Thomaï Serdari on Fine Arts & Luxury
Christofle: In the nature of materials
Silver smithing at Christofle on Madison Avenue. © Thomai Serdari

Silver smithing at Christofle on Madison Avenue. © Thomai Serdari

In our increasingly high-tech existence, we are progressively losing touch with the tactile side of life. This is particularly true in the US, a country detached from manufacturing. Americans value their homegrown service economy and the empowerment it warrants them in becoming avid consumers of goods and experiences. Even art schools is the US are not paying much attention to materials and the crafts. We are a society of powerful albeit fast consumers.

On Friday December 7, the Christofle flagship store on Madison Avenue hosted a luncheon event to showcase the art of silver smithing. The brand’s youngest (and female) master silver smith flew in from France to demonstrate her craft and to explain to her American audience what it means to work with a bronze molded piece; what it takes to transfer the design on to it; how to use wax to facilitate the process; and how to allow the material to guide one in sculpting and solidifying the initially amorphous mass into an elegant piece of lasting value. The master, a young lady in her early 30s, who began her journey in silver smithing at the age of 16, manufactures her own tools (which she had brought with her) and spends her days sculpting at the Christofle studio in Yainville (Normandy), France.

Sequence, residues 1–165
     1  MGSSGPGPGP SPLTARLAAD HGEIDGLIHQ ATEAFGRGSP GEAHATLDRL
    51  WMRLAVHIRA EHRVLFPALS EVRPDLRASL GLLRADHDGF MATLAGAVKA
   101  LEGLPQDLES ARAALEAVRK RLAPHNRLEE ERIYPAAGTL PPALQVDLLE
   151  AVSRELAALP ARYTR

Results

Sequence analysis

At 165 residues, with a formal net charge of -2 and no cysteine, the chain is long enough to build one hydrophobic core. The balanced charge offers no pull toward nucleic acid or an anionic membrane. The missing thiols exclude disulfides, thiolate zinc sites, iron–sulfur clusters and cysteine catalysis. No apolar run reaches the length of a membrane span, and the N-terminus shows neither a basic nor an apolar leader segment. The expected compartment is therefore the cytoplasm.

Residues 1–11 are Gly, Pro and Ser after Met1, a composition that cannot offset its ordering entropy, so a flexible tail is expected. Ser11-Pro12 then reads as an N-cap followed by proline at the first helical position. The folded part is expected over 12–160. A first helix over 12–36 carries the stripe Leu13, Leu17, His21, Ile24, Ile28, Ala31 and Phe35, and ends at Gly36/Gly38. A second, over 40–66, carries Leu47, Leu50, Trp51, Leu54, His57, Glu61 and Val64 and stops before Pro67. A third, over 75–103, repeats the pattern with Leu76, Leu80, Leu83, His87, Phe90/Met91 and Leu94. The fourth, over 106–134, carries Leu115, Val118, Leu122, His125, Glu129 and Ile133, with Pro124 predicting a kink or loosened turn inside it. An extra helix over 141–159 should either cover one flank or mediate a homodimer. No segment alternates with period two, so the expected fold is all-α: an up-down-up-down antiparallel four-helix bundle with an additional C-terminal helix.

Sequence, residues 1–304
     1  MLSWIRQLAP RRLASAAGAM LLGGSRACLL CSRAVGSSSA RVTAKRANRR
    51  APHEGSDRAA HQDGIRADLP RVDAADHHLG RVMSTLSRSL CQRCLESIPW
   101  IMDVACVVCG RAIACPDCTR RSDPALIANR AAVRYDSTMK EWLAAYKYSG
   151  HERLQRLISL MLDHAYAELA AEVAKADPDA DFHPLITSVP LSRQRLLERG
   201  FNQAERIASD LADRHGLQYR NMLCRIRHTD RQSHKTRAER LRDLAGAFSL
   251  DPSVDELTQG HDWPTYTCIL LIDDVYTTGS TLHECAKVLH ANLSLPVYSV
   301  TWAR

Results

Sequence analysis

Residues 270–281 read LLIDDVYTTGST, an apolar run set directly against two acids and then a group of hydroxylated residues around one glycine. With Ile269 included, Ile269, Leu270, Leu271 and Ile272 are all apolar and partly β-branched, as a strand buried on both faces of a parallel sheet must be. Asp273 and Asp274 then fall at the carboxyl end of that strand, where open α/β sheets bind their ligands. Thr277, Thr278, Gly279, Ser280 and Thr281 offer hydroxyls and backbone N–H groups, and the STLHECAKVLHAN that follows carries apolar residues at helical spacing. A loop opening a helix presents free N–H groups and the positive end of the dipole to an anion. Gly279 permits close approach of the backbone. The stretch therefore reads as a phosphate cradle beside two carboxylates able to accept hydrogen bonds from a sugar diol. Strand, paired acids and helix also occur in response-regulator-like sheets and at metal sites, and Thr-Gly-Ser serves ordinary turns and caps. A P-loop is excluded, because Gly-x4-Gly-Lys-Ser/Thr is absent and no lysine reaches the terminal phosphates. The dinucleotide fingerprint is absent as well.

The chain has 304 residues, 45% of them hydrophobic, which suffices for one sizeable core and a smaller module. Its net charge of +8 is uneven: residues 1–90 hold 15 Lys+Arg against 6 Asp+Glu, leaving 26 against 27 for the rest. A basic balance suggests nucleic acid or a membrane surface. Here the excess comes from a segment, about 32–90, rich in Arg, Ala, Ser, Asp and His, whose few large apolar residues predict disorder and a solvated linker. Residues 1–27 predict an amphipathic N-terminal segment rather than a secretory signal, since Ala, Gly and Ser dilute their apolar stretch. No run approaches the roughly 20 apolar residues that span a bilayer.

“Listening to the sound of the hammer is as important as feeling its impact on the bronze,” the master asserted, reminding her audience of the importance all our senses play in crafting materials. Luxury is born of meticulous work that is compatible with the nature of materials used to create. It takes time to manifest and demands time to be appreciated.


© Thomaï Serdari